A group of pro-Palestinian sympathizers fanned out across New York City earlier on Tuesday and distributed thousands of parodied copies of The New York Times bearing headlines and stories that contradict what they claim to be the newspaper's pro-Israel bias in its coverage of the Middle East conflict.

Commuters in the Big Apple could be forgiven for thinking that the "supplement" they were handed was an actual copy of the Grey Lady, since it uses the Times' famous masthead as well as the same headline fonts, page design, and layout.

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The "supplement" – which is titled "Rethinking our 2015 coverage on Israel-Palestine" - was also posted online. It was even given a Twitter account.

The Jerusalem Post was unable to determine the identity of the individuals behind the initiative. The only response given was that the fake newspaper was the brainchild of followers of the Boycott, Divestment, and Sanctions movement – an ad hoc alliance of pro-Palestinian activists seeking to punish Israel financially over its policies in the West Bank and Gaza Strip.

"The most important thing about this is that, as one of the leading sources for news in the United States and in the world, The New York Times has a duty to its readers to provide fair, balanced, and fact-based coverage," said an activist associated with the project. "This paper reflects that."

"The paper includes the context and facts too often missing from The New York Times both in their reporting of facts on the ground in Israel and Palestine, and with regards to the growing solidarity movement with Palestine here in the United States," the activist said.

When contacted by the Post, the activist repeatedly refused to specify which group financed the project.

"Any acts of violence by Palestinians against Israeli Jews always makes headlines in the Times," the activist said. "However, the paper fails to include the context of everyday state violence committed by Israel against Palestinians and the ongoing nonviolent Palestinian resistance to the occupation."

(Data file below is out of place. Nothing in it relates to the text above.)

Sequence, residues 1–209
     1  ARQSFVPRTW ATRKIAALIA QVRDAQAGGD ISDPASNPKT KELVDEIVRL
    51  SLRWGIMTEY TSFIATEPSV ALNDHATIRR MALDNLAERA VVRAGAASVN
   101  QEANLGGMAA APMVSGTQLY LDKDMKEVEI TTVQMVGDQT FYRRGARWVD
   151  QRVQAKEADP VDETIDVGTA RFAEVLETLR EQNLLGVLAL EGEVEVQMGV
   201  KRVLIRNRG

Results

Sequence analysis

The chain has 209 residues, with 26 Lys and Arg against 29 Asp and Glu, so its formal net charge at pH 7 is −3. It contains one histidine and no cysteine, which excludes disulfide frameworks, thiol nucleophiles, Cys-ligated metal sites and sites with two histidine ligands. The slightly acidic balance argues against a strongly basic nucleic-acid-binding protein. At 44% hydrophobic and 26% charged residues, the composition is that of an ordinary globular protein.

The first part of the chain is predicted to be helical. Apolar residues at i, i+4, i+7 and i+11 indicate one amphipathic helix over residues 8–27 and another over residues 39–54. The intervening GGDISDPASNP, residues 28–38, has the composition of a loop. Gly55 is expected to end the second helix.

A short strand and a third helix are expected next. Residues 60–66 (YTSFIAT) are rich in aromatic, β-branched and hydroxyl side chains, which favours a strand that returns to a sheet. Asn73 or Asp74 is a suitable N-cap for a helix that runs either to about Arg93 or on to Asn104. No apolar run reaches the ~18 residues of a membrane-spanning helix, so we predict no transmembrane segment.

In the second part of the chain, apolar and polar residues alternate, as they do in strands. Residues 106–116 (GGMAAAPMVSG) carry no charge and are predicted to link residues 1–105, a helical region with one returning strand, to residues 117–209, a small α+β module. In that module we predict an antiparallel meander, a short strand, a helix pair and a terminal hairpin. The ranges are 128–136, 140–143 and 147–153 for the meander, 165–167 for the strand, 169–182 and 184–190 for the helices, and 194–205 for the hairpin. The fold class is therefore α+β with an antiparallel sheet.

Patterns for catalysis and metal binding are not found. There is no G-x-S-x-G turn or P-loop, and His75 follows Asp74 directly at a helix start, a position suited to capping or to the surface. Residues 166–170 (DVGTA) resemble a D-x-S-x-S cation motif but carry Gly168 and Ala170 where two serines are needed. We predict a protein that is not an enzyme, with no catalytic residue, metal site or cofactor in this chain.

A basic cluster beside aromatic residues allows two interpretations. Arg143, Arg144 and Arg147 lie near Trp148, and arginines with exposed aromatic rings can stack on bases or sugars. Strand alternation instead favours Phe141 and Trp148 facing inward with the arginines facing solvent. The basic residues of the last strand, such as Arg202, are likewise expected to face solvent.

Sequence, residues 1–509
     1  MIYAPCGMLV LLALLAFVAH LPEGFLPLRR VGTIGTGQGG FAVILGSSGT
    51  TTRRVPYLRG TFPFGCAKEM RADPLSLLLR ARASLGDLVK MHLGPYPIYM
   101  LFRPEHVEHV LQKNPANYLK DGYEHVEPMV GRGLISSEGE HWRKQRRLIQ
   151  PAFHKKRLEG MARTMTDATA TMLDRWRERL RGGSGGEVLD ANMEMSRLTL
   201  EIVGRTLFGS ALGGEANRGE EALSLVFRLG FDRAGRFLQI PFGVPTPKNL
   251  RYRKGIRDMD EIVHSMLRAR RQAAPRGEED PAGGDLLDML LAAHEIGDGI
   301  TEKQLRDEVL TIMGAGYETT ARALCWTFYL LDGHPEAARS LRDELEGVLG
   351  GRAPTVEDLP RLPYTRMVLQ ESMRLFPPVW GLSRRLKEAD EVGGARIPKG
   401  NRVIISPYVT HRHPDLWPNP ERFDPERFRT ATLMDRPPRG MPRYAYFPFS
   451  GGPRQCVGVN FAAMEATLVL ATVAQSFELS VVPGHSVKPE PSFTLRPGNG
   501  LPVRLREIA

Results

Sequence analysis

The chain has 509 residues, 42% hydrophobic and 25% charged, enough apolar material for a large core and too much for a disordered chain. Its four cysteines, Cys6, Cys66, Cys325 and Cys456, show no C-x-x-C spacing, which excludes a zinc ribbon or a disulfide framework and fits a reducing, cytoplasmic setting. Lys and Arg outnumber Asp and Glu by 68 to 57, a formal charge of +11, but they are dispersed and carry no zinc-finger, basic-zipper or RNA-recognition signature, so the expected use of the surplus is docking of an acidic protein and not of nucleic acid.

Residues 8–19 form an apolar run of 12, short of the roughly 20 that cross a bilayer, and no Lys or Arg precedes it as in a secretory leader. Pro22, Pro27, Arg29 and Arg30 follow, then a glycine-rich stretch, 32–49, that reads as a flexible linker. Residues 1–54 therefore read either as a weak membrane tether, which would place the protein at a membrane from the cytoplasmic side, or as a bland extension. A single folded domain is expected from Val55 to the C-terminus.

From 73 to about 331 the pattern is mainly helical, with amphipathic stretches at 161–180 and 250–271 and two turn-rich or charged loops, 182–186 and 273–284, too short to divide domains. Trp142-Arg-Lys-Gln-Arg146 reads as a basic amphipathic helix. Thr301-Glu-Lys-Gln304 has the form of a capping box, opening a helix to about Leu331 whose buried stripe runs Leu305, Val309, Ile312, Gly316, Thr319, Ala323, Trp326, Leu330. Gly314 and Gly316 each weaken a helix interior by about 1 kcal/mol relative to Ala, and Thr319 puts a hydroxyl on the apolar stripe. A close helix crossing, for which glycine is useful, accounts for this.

A representative of the Times said the newspaper was aware of the campaign and voiced its objections.

"We're extremely protective of our brand and other intellectual property and object to this group (or any group's) attempt to cloak their political views under the banner of The New York Times," a spokesperson for the newspaper told the Post. "We believe strongly that those advocating for political positions are best served by speaking openly, in their own voice."

The Times' coverage of Israel-Palestine has long been a contentious subject, as observers sympathetic to both the Israeli and the Arab narratives have accused the newspaper of biased coverage.

Most recently, the Times retroactively appended an "editor's note" to an article about the eviction of Palestinians from homes in east Jerusalem. The piece was written by one of its Israel-based reporters, Diaa Hadid.

The newspaper acknowledged that the story gave "an incomplete description of the legal disputes in several cases" described in the report.

Another Hadid article from earlier this month garnered criticism from both sides of the divide as well. The piece - which described how Israel's Arab youth has turned Haifa into a trendy, cultural hub – was lamented by pro-Israel observers in that it did not acknowledge the freedom afforded to these young people by dint of their living in the Jewish state, a privilege that is supposedly denied to other Arabs in the Middle East.

One of the Israeli Arabs interviewed in the article, however, objected to the "Westernized" portrayal of his community. While the author sought to pay homage to the burgeoning cosmopolitan scene in Haifa, pro-Palestinians feel that the article glosses over the the more visceral aspects of Arab disenfranchisement in Israel.

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